Reading courses (Philosophy 3996F, 3997G, 3998, 4996F, 4997F, 4998) provide the student with an opportunity to (a) explore in more depth or detail an area which a student has encountered in a previous course or (b) explore an area which is not part of the curriculum in philosophy.
The first step in taking a reading course is to locate a faculty member who is willing to supervise the course. The student and faculty member will work together to produce a proposal that will list the specific topic and a detailed plan of study including: a reading list, meeting schedule (3 hours per week) and list of assignments with grade breakdown. The Undergraduate Chair will then need to approve the plan of study, please email Corey Dyck firstname.lastname@example.org, to set up a meeting to discuss these details.
Please visit the Undergraduate Program Coordinator in STVH 2150B to pick up a copy of the proposal form. Once the plan of study has been approved by both the instructor and Undergraduate Chair, please submit the proposal to the Undergraduate Program Coordinator.
Eligibility: An advanced reading course open to third or fourth year students registered in an Honors Specialization, Honors Double Major or Specialization module in Philosophy. Before registering the student must work out a detailed plan of study with a professor willing to supervise the student's work and have this plan approved by the Undergraduate Chair.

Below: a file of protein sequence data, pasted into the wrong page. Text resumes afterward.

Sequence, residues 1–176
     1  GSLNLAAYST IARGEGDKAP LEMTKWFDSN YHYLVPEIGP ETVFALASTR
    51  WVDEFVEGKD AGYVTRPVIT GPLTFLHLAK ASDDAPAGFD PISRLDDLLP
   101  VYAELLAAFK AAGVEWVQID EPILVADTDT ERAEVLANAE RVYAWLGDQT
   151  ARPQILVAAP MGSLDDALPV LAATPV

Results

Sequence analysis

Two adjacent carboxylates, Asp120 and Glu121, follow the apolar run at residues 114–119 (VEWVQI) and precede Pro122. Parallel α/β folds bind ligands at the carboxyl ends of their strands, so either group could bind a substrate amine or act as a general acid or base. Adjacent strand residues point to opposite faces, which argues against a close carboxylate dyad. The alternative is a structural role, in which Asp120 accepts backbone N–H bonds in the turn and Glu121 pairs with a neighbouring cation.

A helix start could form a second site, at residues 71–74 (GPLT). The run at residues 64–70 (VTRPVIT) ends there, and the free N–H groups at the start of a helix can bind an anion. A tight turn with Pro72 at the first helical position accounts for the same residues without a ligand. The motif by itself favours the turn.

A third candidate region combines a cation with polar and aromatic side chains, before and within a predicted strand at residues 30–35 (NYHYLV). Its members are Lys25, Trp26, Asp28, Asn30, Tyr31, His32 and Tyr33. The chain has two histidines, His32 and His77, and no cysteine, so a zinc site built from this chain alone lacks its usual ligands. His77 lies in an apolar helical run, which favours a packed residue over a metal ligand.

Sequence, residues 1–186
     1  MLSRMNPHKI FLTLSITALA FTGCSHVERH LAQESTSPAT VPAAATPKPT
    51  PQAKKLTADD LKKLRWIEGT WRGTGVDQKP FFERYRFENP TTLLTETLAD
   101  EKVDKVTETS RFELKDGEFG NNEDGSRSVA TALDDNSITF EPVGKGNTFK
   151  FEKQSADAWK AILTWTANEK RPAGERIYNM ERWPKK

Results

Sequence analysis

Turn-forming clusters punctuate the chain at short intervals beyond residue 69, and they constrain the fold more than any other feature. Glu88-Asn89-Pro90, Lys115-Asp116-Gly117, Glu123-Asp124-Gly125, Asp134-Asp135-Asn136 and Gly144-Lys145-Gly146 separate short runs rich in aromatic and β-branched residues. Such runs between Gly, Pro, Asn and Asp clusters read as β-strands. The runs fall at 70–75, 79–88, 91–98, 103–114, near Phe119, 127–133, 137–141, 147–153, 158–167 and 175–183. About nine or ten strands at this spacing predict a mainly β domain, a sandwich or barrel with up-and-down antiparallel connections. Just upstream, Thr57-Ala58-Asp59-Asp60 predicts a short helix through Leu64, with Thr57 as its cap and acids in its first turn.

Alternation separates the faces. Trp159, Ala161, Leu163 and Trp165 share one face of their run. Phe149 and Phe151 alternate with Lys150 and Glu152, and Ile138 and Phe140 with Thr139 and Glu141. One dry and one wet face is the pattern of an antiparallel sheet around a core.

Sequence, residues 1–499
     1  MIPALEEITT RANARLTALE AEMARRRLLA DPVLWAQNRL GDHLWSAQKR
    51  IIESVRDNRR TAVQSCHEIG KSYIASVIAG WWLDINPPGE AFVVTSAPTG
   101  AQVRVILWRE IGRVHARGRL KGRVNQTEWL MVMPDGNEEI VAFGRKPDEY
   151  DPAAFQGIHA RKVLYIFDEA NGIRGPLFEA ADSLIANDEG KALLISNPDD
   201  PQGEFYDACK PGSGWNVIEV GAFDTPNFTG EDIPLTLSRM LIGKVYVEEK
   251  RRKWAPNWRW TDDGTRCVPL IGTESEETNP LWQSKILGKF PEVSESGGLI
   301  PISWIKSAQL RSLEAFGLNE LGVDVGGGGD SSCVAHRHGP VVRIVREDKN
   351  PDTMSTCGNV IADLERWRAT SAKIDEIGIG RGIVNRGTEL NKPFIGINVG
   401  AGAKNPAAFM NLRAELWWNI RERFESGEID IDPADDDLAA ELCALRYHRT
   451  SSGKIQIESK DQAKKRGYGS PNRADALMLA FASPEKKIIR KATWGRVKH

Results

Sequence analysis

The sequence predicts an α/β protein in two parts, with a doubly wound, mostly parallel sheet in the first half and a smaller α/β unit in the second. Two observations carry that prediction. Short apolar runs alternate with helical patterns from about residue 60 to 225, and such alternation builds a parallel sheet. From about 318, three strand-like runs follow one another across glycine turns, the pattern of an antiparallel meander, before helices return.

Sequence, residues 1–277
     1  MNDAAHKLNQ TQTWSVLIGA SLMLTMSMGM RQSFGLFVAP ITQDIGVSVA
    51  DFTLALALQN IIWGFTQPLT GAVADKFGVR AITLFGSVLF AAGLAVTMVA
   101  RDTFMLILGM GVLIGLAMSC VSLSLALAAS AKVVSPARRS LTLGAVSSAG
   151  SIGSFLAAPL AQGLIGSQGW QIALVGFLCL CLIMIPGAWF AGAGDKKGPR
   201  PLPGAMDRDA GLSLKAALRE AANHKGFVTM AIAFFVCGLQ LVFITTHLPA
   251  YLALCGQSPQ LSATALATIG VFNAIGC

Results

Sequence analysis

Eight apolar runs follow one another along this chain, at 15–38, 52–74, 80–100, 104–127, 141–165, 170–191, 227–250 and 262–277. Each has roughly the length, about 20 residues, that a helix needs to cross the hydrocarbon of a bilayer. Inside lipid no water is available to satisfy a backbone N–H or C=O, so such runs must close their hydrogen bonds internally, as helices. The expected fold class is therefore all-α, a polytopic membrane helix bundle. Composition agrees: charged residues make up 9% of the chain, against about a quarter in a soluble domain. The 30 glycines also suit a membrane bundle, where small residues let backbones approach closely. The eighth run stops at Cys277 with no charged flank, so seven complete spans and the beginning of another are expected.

Students are permitted to take 1.0 courses at an Affiliate College as long as that course is not also offered on Main Campus and that course is not restricted to students at the Affiliated College. In some cases, students may require home faculty permission. You can request this from your Academic Counsellor.
If you do not have the prerequisite for a course, you can request special permission of the Department. Students would seek the advice of the Department Undergraduate Chair or Undergraduate Program Coordinator in those circumstances.
In the Fall/Winter, a normal full-time course load is 5.0 courses, balanced over two terms so that you are attending no more than five full or half courses at a time. If you have a strong academic record, the Counsellors may grant special permission to take a course load of 5.5 or 6.0 courses.
This permission may be requested during the summer online registration, however, students will not be permitted to add the additional course(s) until the Extended Web Registration (by calling the Registration Helpline at 519-661-2100) and Paper add/drop period. This allows all students the chance to obtain their 5.0 courses.
Students should submit coursework directly to their instructor or tutorial leader during class or office hours. If you are unable to submit an assignment during class or office hours, there is an assignment drop-box available. The drop-box is located beside the Philosophy Lounge in STVH 2150. The drop box is emptied at 3:45 pm. Assignments will be date stamped only, not time stamped. Assignments will not be accepted by staff members, as well essays sent by fax or e-mail cannot be accepted. All work submitted must clearly state:
- Student Name and ID
- Course number
- Instructor or TA name
- Date of submission